Hey writers. Well, it’s been a weird, hard, interesting year, right? The good news is 2020 is almost over (thank goodness), and as we start looking ahead to 2021, I want to hear from you. What are you struggling with as far as your writing goes? How can The Write Practice help you?
In college, I majored in communication, and the first thing I learned is that communication is a two-way street—it needs a sender and a receiver. As writers, we are senders, and our readers are receivers. But what are we communicating?
Stories, at their core, are a medium for communicating many things, but chief among them is emotion. That means one of the best ways to hook your reader is through emotion.
In this post, you will learn how to hook your reader with emotion, how people experience emotion through reading and three tips to cultivate that emotion through your writing. Then, we’ll end with a creative writing exercise you can use to apply these lessons right away.
Writing a novel in a month is a wonderful idea. But it’s hard for a multitude of reasons, and the temptation to give up and just “do it over time” can be really appealing, especially as we approach Day 8 of the journey.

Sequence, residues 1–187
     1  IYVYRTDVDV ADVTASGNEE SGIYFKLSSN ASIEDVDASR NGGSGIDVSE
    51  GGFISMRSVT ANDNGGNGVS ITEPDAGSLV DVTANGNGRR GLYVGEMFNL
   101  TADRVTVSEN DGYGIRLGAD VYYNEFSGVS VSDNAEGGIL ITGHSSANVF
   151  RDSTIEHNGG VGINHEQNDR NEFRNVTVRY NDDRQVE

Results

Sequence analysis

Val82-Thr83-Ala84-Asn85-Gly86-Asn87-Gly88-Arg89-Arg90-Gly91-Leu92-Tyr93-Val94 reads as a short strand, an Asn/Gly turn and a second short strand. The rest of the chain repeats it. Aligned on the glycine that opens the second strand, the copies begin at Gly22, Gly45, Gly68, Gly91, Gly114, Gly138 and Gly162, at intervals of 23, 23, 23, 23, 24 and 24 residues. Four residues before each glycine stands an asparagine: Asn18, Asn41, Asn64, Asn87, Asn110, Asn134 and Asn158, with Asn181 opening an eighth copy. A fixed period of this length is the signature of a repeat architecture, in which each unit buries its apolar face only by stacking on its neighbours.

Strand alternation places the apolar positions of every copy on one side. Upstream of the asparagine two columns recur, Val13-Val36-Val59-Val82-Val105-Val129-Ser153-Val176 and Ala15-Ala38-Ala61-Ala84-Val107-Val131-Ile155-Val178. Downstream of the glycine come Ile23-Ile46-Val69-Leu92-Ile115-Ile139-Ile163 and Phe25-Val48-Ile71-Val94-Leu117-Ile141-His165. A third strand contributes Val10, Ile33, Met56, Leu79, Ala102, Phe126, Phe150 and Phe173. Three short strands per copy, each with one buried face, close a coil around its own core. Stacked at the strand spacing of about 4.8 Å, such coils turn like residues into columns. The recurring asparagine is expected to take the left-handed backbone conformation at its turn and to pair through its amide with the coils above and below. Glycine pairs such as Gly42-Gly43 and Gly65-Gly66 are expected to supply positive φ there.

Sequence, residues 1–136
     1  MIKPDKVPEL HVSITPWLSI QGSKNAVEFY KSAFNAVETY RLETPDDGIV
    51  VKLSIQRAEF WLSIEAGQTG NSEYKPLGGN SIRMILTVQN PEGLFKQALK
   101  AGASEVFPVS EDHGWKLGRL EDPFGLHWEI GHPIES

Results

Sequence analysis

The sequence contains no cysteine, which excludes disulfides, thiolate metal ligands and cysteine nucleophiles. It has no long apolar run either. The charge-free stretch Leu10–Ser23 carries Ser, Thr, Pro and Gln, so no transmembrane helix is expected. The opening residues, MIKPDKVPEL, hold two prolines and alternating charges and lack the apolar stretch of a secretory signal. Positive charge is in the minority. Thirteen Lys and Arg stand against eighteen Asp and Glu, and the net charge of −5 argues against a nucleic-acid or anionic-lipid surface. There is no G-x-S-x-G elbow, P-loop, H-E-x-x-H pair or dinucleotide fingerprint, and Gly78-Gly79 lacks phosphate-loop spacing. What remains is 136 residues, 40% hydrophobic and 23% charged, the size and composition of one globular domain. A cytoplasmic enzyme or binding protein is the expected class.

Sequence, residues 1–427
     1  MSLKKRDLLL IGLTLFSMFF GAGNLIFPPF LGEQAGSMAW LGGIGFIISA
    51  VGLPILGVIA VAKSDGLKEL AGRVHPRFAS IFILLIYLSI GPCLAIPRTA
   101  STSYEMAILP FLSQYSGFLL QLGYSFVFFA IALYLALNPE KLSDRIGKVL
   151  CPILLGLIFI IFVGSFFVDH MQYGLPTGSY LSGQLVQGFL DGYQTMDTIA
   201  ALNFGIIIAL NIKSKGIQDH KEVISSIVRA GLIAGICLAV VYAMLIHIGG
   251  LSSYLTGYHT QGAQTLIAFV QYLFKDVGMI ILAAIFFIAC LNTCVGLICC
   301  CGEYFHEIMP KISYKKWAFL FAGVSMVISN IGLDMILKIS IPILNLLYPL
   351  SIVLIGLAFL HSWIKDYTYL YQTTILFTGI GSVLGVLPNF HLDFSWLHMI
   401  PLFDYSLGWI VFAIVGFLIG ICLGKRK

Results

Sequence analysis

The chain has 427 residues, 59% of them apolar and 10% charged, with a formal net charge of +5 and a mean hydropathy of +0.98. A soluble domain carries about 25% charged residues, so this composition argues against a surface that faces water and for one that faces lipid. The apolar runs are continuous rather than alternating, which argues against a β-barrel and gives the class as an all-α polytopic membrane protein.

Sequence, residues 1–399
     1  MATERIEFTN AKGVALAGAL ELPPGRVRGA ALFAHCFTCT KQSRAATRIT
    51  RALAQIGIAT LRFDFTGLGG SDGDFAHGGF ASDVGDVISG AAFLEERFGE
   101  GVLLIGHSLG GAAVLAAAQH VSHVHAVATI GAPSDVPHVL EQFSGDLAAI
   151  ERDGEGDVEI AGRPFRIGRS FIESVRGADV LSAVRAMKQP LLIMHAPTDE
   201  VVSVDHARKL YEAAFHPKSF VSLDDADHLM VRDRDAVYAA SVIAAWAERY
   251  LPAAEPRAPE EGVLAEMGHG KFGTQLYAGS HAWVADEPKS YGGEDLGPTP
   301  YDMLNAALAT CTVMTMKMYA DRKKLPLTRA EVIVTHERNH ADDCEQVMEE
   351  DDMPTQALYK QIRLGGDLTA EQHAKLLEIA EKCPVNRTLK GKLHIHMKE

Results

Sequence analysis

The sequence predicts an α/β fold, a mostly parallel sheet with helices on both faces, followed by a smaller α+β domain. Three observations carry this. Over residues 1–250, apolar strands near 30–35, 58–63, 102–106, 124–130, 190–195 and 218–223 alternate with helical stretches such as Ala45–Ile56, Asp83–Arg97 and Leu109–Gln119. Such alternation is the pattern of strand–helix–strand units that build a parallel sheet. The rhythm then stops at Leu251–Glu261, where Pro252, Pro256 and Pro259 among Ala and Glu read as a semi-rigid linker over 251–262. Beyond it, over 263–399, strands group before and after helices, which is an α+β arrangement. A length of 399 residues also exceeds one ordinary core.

I know it’s hard. But quitting, or choosing to simply abstain, is the worst thing you can do right now if you have a passion for writing.
The falling action is a literary term you hear thrown around in middle school writing classes and on creative writing blogs, but what is it? And will it actually help you understand, and maybe write, a good story?
In this post, I’m going to define falling action, talking briefly about its origin as a literary term and its place in dramatic structure, and then talk about whether you should incorporate it into your story structuring process.
You want to write, but when you sit down to get started, you realize you don’t have a novel idea. Or perhaps you have so many ideas, you’re having a hard time choosing the best novel idea. Or maybe, you already have an idea, but you just aren’t sure if it’s any good.